Kata Wahamaa of Maple Ridge plays at a Moms Stop the Harm demonstration in Victoria. (Special to The News)

Kata Wahamaa of Maple Ridge plays at a Moms Stop the Harm demonstration in Victoria. (Special to The News)

Moms Stop the Harm hosting event in Maple Ridge on Saturday

Marking sixth anniversary of overdose deaths declared a public health emergency

The sixth anniversary of the B.C. government declaring a public health emergency because of overdose deaths will be marked in Maple Ridge on Saturday, in an event organized by the local chapter of Moms Stop the Harm.

The advocates of Moms Stop the Harm are keeping this issue before the public on the grim anniversary.

After six years, Kat Wahamaa said she’s tired, and the situation has only gotten worse. She is a member of both Mom’s Stop the Harm and the Maple Ridge Street Outreach Society. They are partnering in the event at Memorial Peace Park from 4-6 p.m.

She said there will be people sharing their stories, music, an opportunity for people to get information and resources, and naloxone training. Wahamaa lost her son to a drug overdose.

The group lobbies politicians to change drug policies, prioritizing saving lives over other considerations, she explained.

READ ALSO: 174 British Columbians – 6 under the age of 19 – died of toxic drug poisonings in February

On April 14, 2016, B.C.’s provincial health officer declared a public health emergency due to a significant increase in opioid-related overdose deaths. Since that time, the number of people who have died from drug toxicity in B.C. has risen tragically and dramatically, said a press release from Mom’s Stop the Harm. With 2,224 lives lost in 2021, the province is losing 6.7 people per day to drug poisoning. This is a 26 per cent increase over the previous year.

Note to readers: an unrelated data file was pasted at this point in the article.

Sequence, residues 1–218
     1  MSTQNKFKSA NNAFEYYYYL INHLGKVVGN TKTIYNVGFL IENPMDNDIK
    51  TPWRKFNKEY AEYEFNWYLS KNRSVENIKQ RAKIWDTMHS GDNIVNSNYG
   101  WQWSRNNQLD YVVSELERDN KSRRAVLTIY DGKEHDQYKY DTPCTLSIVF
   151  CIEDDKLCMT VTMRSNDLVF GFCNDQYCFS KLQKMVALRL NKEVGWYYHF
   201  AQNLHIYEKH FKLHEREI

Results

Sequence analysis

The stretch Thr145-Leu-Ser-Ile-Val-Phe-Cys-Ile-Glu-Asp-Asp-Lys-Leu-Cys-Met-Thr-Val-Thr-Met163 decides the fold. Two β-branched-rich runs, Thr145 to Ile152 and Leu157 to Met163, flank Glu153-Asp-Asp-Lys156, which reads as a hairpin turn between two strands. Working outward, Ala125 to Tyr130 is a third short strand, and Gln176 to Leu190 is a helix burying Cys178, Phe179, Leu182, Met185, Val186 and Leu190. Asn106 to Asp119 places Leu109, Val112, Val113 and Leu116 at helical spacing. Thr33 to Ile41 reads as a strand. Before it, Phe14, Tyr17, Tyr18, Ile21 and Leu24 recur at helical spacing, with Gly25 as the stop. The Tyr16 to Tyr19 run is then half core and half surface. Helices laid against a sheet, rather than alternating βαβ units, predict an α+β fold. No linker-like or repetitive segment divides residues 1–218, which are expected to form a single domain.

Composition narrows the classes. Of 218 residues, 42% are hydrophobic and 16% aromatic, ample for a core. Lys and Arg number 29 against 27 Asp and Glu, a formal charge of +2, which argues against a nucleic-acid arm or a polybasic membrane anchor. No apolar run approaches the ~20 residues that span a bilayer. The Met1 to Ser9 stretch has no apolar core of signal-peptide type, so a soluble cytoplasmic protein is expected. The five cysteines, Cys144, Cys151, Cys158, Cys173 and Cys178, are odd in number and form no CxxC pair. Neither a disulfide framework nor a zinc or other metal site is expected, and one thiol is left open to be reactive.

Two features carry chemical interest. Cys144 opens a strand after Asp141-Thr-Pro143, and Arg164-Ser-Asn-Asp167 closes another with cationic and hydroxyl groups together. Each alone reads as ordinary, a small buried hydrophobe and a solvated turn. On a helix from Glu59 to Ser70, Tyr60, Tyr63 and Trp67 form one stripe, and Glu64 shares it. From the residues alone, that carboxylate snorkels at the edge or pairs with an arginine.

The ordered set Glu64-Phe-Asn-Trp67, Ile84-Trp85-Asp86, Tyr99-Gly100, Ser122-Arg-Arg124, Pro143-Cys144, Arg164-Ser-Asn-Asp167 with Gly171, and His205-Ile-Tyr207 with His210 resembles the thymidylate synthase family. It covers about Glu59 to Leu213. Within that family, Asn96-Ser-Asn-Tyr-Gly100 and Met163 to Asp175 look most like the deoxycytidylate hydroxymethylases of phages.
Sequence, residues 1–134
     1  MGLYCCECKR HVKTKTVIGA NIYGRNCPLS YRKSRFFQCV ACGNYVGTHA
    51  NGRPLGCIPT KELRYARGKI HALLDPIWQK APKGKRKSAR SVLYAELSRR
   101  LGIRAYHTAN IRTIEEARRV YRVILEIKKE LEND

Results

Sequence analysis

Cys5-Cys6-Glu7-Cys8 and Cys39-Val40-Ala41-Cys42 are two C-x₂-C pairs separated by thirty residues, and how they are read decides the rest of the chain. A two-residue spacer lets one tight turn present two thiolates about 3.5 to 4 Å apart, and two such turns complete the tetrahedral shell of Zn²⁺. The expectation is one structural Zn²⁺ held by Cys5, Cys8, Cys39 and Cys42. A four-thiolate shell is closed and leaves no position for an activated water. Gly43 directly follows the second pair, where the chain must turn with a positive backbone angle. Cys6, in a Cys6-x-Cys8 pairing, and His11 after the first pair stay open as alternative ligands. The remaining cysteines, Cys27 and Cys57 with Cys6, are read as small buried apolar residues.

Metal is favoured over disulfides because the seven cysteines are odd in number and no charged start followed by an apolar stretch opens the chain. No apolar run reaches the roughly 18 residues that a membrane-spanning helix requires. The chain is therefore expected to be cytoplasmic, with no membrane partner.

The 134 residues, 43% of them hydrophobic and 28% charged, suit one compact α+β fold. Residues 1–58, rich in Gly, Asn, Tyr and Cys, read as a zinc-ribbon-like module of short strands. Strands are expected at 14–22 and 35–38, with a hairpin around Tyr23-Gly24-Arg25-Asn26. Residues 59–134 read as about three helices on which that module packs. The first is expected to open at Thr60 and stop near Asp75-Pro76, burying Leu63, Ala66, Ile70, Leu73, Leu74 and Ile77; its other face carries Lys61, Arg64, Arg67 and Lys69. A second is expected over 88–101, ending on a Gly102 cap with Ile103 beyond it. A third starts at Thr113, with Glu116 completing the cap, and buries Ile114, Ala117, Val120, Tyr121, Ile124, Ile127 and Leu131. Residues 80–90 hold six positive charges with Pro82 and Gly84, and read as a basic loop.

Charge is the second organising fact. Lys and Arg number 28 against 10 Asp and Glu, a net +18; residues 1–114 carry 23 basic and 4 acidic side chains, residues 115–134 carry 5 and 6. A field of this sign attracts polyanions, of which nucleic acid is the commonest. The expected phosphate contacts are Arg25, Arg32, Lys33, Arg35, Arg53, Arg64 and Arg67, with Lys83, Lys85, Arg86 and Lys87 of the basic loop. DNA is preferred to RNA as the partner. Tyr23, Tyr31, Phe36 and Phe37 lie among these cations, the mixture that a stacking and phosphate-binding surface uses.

“We certainly have control over the death toll,” asserts Wahamaa. “Safe supply is an initiative that could certainly be ramped up.”

She and other members of Moms Stop the Harm say government officials have not responded to overdose deaths with the same urgency as they did the COVID-19 pandemic.

“We have to follow the science and evidence as we deal with this emergency, as we have with the other health emergency,” said Wahamaa.

Her organization is planning events in Victoria, Vancouver, Mission, Kelowna and the Kootenays, in addition to Maple Ridge.

“Please join voices with Moms Stop the Harm as we demand immediate life saving measures that will end the deaths related to toxic drug poisoning,” said a press release from the group. “Six years have passed, this cannot continue, it is time to take action. Please join us on April 14, 2022. If you are unable to attend a local event, we invite you to post a photo of your loved one on social media with a simple statement – “My Loved One Matter.” Let us collectively flood social media on this anniversary date of the BC Public Health Emergency.”

READ ALSO: Jurisdictions looking to decriminalize small amounts of drugs to curb overdose deaths


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